"The Guest" by Stanley Elkin
A lovably reckless jazz musician named Bertie (who wears an eye patch, obviously) somehow ends up house-sitting for his bourgeois friends.  In a manner similar to that of the children in Graham Greene's "The Destructors," Bertie proceeds to destroy his friends' cushy abode.  Despite the fact that almost the entire story is devoted to one man alone in an apartment, Elkin somehow manages to make the action of the story feel dangerously anarchic and larger than life.  Not only is "The Guest" one of the funniest short stories ever written, but it also contains brilliant insight into the absurd nature of rebellion and counterculture.

"Charlie in the House of Rue" by Robert Coover
When people talk about Robert Coover's short stories, they tend to focus on Pricksongs and Descants (probably because it contains that undisputed masterpiece of the short form, "The Babysitter").  Few people think to mention his equally amazing collection A Night at the Movies which, like Pricksongs and Descants, features some of Coover’s most challenging and invigorating work.  "Charlie in the House of Rue" is a shot-by-shot description of a fictional Charlie Chaplin film.  It's a gimmicky premise to be sure, but the resulting story is gripping, surreal, and as entertaining as it is completely malevolent.

"Cockroaches in Autumn" by Lydia Davis
Among the many, many things to admire about the fiction of Lydia Davis is that she manages to do so much in so few words.  "Cockroaches in Autumn" is a prime example of this.  In a series of brief fragments describing the day-to-day discovery of cockroaches in the narrator‘s home, Davis creates something startlingly real and visceral.  Some of the most unsettling descriptions in the story are also somehow the most beautiful.  The bare-bones approach of "Cockroaches in Autumn" is so masterful that it's difficult to tell whether Davis is stripping fiction down or building it up to new heights.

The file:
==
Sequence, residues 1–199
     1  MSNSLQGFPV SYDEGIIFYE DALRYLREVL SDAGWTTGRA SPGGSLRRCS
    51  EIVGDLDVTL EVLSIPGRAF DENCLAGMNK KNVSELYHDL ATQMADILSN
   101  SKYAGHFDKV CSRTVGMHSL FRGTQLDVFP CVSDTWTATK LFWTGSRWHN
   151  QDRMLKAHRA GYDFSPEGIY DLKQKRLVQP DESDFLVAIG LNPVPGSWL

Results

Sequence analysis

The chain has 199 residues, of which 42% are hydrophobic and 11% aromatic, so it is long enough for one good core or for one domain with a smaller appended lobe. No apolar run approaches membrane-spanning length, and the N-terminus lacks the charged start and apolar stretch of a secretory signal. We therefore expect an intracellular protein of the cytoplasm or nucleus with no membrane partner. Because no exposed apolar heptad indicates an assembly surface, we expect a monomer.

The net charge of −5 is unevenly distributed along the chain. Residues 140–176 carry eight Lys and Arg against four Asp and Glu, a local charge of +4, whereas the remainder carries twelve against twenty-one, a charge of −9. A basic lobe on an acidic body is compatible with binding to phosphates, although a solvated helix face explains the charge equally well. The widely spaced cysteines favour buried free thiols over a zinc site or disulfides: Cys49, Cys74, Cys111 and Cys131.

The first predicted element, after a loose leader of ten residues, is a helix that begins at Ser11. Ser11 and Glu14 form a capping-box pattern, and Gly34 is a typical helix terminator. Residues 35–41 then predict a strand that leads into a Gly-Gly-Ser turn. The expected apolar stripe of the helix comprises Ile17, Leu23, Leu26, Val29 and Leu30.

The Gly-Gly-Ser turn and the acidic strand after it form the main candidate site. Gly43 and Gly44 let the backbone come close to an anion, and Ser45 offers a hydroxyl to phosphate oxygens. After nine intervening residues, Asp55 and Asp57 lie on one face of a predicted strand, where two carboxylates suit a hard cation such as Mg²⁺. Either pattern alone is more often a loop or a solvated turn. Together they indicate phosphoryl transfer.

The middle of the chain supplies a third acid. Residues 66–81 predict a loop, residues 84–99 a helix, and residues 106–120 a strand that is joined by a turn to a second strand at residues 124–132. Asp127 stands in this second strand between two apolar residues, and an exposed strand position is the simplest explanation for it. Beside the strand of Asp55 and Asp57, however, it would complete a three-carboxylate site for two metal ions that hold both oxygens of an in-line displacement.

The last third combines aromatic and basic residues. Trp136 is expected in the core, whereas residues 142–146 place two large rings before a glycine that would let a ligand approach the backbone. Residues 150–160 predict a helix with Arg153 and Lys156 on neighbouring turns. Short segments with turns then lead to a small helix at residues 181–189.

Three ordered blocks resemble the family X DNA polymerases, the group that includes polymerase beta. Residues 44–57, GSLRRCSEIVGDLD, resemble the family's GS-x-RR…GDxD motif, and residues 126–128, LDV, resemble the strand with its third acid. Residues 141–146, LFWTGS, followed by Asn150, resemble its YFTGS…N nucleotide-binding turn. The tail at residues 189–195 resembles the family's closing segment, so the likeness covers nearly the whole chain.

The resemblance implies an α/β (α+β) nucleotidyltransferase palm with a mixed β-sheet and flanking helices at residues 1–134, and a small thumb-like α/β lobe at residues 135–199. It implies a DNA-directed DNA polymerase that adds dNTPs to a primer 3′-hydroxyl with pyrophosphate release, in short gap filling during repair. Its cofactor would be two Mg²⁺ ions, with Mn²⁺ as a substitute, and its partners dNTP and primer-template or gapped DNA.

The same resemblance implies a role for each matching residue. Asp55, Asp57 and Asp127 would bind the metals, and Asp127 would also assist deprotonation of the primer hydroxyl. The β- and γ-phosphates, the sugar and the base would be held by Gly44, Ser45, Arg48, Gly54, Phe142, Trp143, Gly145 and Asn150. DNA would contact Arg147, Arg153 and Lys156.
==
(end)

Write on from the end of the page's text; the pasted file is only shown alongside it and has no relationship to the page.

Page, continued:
"Bigfoot Stole My Wife" by Ron Carlson
This story is often used by creative writing instructors as a classic example of an unreliable narrator.  A man tells the reader how he came home one day to find his wife was gone.  Naturally, the only explanation is that she was stolen by Bigfoot.  Never mind the fact that the narrator himself makes a few references to his own gambling, clearly Bigfoot is to blame.  Running this story through a quick, college-English analysis, Bigfoot becomes a metaphor for the narrator’s denial.  However, Carlson undercuts this more obvious interpretation by having the narrator tell you another story from his youth involving a flash flood, a trailer, and a copy of Dude magazine.  Without spoiling anything, the tale in question is just as outlandish as the Bigfoot abduction.  But because of the level of detail the narrator offers, this second story also seems to be completely true.  Therefore, the meat of this story doesn’t seem to be (though it is often taught this way) that the narrator is in denial.  Rather, the point is in Carlson asking you whether you as a reader have lost your ability to believe in something, even though it sounds ridiculous.